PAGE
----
Caregiver with senior

It’s easy to feel overwhelmed when you’re trying to figure out the best living arrangements for an aging loved one. There are many different types of living options for the elderly, with varying degrees of care.

It’s important to consider your loved one’s general health, mobility, mental capabilities, and specific activities they may need help with as they grow older. It also is important to consider their interests, social life, and other factors that will be impacted by where and how they want to live.

Read on to learn about types of senior living, what each one provides, and how you and your loved one can plan for the future.

Senior Living Options for Your Loved One

Remaining at home

The vast majority of older adults remain in their homes, whether they’re living alone or with family. Family members generally provide help with everyday activities like bathing, cooking, or driving. Some families opt to hire in-home caregivers or nursing professionals on a part-time basis.

If an older adult chooses to remain at home, the goal is to bring in additional resources to help support everyone involved.

Independent living

Many active older adults who no longer want to deal with the hassles of home ownership and maintenance choose to move to an independent living facility.

In this case, transitioning to senior living is more like moving to a new house without the worry or upkeep. Independent living facilities (often called patio homes, retirement villages, or retirement communities) also offer opportunities to socialize and interact with others.

Personal care

The next step along the care continuum is the personal care home. Here, residents receive the help they need with daily routines and activities. This help might include medicine management, nutritional support, or assistance with daily personal care.

Some personal care facilities are stand-alone units while others are attached to long-term care or skilled nursing facilities.

Assisted living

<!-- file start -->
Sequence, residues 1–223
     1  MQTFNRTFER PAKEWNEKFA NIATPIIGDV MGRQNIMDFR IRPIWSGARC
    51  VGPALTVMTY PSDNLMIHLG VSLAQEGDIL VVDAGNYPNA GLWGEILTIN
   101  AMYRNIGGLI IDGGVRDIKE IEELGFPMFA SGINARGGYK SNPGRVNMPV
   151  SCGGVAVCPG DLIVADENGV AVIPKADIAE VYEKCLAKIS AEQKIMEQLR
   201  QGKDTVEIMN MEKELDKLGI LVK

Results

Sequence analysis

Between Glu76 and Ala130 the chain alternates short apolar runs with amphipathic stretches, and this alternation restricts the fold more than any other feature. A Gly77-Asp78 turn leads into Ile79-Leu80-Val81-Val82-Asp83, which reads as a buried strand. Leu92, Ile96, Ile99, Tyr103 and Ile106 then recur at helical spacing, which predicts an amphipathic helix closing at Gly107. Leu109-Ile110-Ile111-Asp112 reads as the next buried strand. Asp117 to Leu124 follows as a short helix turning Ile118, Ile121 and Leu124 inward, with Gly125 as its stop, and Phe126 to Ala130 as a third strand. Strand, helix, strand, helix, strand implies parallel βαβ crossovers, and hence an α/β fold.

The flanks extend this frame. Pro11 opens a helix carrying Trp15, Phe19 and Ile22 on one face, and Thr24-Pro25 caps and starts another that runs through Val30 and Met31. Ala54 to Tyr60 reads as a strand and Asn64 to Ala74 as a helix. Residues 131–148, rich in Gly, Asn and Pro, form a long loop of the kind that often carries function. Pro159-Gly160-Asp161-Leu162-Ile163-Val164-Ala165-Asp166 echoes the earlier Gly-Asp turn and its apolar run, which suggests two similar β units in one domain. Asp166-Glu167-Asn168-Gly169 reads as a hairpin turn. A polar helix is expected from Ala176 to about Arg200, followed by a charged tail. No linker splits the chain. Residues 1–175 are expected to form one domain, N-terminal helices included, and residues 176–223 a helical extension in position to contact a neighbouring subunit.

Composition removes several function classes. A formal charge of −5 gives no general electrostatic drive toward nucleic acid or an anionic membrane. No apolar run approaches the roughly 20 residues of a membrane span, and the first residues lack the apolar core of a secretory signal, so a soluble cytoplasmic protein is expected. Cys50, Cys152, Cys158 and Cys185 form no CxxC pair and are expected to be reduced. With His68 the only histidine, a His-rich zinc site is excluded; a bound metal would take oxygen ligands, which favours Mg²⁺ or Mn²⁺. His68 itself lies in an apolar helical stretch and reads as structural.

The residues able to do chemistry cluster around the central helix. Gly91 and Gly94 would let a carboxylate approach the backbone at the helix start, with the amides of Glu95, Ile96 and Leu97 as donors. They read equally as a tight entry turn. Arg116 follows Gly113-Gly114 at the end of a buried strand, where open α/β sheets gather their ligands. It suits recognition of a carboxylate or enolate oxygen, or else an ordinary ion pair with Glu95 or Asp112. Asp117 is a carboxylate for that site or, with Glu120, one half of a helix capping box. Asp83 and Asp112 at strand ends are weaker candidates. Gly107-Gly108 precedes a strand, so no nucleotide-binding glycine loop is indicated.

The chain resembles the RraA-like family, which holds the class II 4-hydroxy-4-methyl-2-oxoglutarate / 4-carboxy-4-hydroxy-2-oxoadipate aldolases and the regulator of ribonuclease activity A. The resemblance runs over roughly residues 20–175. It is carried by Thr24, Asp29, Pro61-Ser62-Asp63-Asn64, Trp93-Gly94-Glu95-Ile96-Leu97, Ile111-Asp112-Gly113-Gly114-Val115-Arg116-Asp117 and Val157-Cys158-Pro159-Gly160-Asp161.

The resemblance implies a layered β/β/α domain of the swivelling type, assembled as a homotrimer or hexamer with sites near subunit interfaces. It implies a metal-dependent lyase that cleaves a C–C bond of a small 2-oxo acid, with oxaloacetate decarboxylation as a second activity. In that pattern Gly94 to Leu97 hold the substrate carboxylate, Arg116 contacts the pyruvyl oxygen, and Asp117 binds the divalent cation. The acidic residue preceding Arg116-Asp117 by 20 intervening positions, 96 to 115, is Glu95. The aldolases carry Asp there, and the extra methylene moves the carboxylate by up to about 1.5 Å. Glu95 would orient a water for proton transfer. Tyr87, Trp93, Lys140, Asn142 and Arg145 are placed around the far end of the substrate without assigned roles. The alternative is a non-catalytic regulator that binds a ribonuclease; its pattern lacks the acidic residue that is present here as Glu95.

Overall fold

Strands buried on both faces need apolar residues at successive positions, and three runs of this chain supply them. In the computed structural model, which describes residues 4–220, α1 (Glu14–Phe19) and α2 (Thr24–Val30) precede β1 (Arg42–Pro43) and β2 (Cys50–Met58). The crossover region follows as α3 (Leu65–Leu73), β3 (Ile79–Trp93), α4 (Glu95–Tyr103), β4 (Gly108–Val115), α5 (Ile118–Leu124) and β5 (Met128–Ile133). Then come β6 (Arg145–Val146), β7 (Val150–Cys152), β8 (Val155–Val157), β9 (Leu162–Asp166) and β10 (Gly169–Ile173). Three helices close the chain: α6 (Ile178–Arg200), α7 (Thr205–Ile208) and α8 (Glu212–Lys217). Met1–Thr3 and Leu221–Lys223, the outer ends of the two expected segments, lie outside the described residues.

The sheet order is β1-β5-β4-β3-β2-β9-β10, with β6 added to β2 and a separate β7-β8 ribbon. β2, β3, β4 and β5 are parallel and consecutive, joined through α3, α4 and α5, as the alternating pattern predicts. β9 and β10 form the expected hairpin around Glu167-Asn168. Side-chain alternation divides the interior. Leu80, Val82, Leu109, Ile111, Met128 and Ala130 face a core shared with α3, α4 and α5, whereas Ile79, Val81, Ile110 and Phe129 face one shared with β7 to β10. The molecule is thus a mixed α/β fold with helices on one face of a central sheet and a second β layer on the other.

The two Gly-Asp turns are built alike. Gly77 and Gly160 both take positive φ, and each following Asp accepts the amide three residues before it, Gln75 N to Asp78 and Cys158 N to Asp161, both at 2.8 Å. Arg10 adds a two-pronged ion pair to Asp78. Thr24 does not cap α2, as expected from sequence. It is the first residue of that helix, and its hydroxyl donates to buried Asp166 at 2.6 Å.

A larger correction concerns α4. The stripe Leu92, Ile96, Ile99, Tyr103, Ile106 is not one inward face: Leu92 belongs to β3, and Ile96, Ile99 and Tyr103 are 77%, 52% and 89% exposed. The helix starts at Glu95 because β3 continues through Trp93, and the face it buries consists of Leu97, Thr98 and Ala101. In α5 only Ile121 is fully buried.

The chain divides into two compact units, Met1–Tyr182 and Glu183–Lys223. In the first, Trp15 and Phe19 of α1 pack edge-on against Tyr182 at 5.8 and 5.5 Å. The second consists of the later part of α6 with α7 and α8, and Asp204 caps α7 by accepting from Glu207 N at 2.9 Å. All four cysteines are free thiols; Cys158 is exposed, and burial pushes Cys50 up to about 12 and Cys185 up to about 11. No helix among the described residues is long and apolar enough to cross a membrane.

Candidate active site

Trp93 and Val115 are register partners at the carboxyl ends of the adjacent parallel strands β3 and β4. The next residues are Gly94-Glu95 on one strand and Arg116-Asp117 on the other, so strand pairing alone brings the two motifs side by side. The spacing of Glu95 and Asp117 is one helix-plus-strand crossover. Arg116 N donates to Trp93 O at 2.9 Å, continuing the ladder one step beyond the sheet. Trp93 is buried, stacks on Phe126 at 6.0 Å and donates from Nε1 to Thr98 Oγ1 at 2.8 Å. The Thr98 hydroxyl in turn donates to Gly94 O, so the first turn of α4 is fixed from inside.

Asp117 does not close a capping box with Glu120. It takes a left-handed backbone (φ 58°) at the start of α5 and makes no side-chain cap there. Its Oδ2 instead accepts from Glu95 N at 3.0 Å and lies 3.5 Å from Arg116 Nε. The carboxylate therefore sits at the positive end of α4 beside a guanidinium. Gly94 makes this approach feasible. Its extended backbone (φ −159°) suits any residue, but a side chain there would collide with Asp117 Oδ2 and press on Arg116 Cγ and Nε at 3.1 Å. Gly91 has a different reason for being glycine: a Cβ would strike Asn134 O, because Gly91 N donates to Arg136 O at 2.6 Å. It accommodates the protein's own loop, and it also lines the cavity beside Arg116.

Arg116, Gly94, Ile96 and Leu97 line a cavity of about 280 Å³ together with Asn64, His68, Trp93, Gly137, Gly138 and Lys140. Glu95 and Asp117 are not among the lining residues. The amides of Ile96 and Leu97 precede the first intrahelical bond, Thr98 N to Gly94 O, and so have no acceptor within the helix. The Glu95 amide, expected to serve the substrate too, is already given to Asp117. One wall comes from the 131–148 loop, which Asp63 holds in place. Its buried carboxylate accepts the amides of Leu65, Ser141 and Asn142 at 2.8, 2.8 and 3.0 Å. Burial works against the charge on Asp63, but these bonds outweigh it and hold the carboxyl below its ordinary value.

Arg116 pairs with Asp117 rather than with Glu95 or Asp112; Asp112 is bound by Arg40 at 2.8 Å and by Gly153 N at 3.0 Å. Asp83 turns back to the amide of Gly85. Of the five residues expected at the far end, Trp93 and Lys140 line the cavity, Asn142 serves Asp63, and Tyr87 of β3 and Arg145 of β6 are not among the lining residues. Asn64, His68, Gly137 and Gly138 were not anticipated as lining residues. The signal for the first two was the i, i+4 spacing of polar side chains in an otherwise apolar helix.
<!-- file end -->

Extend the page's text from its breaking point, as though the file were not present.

Assisted living offers a slightly different type of care from either independent living or personal care — it’s somewhere in between the two. Assisted living is for older adults who want the freedom and independence of apartment living but may need a little extra help with daily activities.

Skilled nursing care

Skilled nursing is usually the best choice for seniors who need 24-hour care. The staff is trained to address the physical, psychological, and social needs of seniors. This team of professionals may include geriatricians (doctors who specialize in caring for older adults), nurse practitioners, nurses, physical therapists, and social workers.

Short-term rehab also falls under the umbrella of skilled nursing care. Older people who’ve had a hip or knee replacement often do physical and occupational therapy in a skilled nursing care center before returning home.

Planning Ahead for Senior Living

Transitioning to senior living presents a variety of challenges and benefits. One of the most important things you and your loved one can do is plan ahead so you don’t have to make a hurried decision during a crisis. Planning for an elderly loved one’s future can ease the move to a senior living facility.

Have conversations with your older loved about their preferences; then tour facilities and ask lots of questions before committing.

For more information on senior living options, please visit the UPMC Aging Institute online or call 1-866-430-8742. Or call 1-800-324-5523 to learn about the many options and amenities available at UPMC Senior Communities.

If you have questions about full, in-network access to UPMC doctors and hospitals, please call our help line at 1-855-646-8762.